Christmas is full of all kinds of traditions that people cherish. They are diverse and unique, but can mean so much to the people who hold them.
According to the dictionary a tradition is: a continuing pattern of cultural beliefs or practices; something that is handed down.
I love traditions. As I reflect on childhood, so many of my cherished memories are attached to traditions. As an adult I am seeking to draw upon those and forge my own as well. I find that they are hard to establish, and some that we have established have been difficult to maintain, due to changes in circumstances and life stages. But I love them and want to
I believe these rituals anchor us. They provide security for us in some way. The familiar is comforting, when life is so ever-changing and unpredictable. They are something to anticipate. They cause a break in the mundane. Songs, activities, rituals, books, and of course, food make up many of the holiday traditions I savor.
Knowing that Granddad Williams would come in the house, when they arrived in Knoxville, with his gloves in hand, ready to put them on and carry in the beautifully wrapped packages to place under the tree each year, brought comfort and joy to my childhood world.
And the medley of Christmas songs that he would play on the piano signaled that Christmas was here. (Click on player below to hear a recording of Grandad's Christmas Medley. This was recorded around 2000, when he was in his late 80's.)
The stack of baked goods, made with love from the women in our family, packed in metal tins, labeled with masking tape, is a Christmas tradition that I’ve always loved. The tins are filled with all kinds of treasures: Peanut brittle, sand tarts, divinity, chex mix, thumbprint cookies, white chocolate covered peanut butter crackers, chocolate covered coconut squares, peanut butter balls, and more.
Nativity Scenes set up around the house have always helped me center on Jesus, and the wonder of Emmanuel: God with us. My mom has a thing about Nativity Scenes. She loves them. People give her sets for gifts and she has accumulated quite a collection. They are made out of a variety of materials, hand-made and store-bought, and include various characters in the scene. She leaves some up all year, and at Christmas, we often have a “count the nativity scenes game" at their house.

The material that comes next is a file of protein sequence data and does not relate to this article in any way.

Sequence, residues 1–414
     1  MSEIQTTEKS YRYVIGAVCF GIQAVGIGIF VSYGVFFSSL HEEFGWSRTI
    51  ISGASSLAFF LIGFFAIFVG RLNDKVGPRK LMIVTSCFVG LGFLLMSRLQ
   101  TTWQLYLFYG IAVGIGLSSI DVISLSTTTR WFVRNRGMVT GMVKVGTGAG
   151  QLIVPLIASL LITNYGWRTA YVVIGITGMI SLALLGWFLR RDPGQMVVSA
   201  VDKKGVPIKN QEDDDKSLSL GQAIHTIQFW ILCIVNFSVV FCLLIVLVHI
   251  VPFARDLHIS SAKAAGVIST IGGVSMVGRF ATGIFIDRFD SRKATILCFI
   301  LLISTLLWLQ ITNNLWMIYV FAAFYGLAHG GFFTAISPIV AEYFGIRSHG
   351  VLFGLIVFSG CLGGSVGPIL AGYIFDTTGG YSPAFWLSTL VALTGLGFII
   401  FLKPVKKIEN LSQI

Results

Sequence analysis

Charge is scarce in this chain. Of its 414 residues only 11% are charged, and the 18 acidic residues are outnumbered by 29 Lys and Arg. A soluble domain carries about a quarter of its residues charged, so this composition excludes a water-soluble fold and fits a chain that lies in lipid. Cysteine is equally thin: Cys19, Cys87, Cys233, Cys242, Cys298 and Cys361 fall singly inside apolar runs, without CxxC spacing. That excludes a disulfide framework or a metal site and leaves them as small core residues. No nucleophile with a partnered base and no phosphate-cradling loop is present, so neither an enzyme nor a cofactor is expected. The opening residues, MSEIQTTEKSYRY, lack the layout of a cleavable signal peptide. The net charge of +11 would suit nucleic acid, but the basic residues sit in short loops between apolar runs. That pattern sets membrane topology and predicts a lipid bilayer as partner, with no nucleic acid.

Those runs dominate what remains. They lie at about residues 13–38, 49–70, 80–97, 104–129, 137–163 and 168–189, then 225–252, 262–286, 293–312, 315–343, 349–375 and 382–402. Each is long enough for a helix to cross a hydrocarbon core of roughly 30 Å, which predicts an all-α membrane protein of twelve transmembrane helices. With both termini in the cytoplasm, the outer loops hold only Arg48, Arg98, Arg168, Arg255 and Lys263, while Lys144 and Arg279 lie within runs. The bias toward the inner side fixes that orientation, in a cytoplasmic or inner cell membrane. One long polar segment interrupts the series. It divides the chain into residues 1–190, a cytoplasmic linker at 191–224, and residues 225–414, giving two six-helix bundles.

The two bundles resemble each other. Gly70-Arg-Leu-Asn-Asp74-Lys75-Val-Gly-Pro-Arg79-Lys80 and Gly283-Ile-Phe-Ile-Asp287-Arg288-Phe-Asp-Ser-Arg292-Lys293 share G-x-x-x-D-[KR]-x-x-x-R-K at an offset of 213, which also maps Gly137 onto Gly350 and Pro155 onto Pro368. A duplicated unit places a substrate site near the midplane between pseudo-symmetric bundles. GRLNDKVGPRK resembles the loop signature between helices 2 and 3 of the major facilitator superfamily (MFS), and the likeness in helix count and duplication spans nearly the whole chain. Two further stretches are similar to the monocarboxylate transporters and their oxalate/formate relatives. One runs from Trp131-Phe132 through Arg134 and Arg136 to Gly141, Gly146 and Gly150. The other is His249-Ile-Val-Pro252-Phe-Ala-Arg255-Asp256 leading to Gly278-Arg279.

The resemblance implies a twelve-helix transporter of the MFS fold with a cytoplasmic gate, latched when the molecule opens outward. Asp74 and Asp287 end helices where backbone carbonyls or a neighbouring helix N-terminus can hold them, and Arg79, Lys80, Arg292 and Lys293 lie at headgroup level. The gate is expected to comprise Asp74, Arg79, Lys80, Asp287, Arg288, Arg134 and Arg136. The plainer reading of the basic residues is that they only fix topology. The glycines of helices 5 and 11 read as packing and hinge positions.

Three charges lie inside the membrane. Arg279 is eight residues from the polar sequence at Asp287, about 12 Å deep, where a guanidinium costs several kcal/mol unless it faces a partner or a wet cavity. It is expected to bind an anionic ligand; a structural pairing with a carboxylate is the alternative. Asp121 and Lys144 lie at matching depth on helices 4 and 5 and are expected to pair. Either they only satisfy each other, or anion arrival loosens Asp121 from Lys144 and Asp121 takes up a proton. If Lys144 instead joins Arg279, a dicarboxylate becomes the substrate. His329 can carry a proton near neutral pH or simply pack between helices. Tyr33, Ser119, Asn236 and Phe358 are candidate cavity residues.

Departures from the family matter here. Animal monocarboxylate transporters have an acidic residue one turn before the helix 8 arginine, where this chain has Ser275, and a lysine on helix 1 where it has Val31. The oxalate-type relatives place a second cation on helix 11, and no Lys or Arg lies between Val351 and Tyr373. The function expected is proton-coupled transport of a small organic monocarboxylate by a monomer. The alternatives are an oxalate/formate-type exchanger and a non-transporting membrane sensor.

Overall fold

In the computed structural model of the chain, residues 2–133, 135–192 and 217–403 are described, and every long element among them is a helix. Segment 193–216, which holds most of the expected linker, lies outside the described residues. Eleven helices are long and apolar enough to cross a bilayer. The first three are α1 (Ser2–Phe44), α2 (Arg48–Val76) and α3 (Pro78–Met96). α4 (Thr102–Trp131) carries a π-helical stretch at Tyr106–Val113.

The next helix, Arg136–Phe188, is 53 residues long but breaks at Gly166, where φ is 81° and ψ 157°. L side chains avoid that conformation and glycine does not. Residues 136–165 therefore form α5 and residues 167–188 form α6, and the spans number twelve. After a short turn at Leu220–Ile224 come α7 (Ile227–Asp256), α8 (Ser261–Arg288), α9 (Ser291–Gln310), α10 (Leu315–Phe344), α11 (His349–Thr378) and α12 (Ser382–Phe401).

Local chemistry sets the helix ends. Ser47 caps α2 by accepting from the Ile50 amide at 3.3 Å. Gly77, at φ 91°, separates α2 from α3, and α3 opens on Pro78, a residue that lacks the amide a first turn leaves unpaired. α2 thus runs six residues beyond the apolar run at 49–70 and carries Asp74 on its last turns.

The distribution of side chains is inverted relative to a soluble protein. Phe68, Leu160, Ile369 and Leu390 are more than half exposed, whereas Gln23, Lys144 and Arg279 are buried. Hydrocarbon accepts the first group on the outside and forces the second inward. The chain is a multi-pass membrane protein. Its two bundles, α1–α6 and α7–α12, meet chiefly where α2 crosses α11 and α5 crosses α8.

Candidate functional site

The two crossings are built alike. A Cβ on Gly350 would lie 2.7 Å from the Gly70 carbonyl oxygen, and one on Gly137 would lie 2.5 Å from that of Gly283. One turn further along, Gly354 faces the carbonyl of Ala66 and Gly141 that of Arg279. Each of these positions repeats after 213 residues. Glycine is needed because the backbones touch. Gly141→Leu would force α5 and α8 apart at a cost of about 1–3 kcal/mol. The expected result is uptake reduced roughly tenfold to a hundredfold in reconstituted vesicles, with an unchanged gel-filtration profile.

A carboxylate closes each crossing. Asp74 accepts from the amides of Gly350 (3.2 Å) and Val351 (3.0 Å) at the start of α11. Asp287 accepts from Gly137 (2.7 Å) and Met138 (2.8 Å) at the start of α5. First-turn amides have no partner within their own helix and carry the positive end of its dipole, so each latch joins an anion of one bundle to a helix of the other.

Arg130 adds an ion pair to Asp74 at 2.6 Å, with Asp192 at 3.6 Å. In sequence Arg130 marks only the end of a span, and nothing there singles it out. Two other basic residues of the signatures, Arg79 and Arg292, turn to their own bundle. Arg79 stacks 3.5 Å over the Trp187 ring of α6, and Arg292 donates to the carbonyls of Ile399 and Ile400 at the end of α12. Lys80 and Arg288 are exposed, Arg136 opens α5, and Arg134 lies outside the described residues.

We have a little Fisher Price Nativity at my house that is one of my favorite decorations. It sits on the coffee table and the kids play with it the whole season, and set the people and animals up in various ways. Sometimes I find shepherds over by the television, “abiding in the fields”, or the wise men in the east, over on the bookshelf. Other times they are all lying down resting from the big event and the long journey. They oftentimes are circling baby Jesus, appropriately focusing their attention on the Christ child.
Christmas breakfast is a time when we want something tasty and crowd pleasing and also easy. There's no time to be standing in the kitchen when there are presents to open and a fire to sit beside! Monkey Bread is something we have made for years on Christmas morning. Not every year, but a lot of years. We have made several varieties throughout the years, some with yeast dough, some with biscuit dough, some with pudding mix, some with brown sugar and spices. A few years ago I discovered Paula Deen’s Gorilla Bread. It’s a ramped up version of Monkey Bread. (She always ramps it up). The recipe says it’s called Gorilla Bread because it “kicks monkey’s butt". Hilarious, that Paula! And she’s right. It is monkey bread (a loaf of cinnamon coated bread) but with a blob of cream cheese hidden inside. She puts pecans layered between the rolls and I put both pecans and dried cranberries. It's pretty and the Craisins add a nice tart element.
The prepping of the biscuits, coated with cinnamon sugar and stuffed with cream cheese, and the measuring out of the remaining ingredients can be done the night before. Then layering it all in the pan in the morning is fast, simple and tidy.
Gorilla Bread (adapted from Paula Deen's recipe)
1/2 cup granulated sugar
3 tsp. cinnamon
1/2 cup (1 stick) butter
1 cup packed brown sugar
1 (8-ounce) package cream cheese
4 cans refrigerated biscuits (10 count)
1 1/2 cups coarsely chopped walnuts or pecans
1 heaping cup of dried cranberries (Craisins)
Preheat the oven to 350 degrees.
Spray a bundt pan with nonstick cooking spray.
Mix the granulated sugar and cinnamon in a small dish. In a saucepan, melt the butter and brown sugar over low heat, stirring well (or in a glass bowl in the microwave); set aside.
Cut the cream cheese into 40 cubes/ blobs.
Press the biscuits out with your fingers and sprinkle each with 1/2 teaspoon of cinnamon sugar. Place a cube of cream cheese in the center of each biscuit, wrapping and sealing the dough around the cream cheese.
Sprinkle 1/2 cup of the nuts and 1/3 cup of cranberries into the bottom of the bundt pan. Place half of the prepared biscuits in the pan. Sprinkle with cinnamon sugar, pour half of the melted butter mixture over the biscuits, and sprinkle on 1/2 cup of nuts and 1/3 cup cranberries.
Bake for 30 minutes or until golden and fully baked. Remove from the oven and cool for 5 minutes.
Place a plate on top and invert.
Merry Christmas to you! May you cherish old traditions, enjoy starting new ones and savor the season.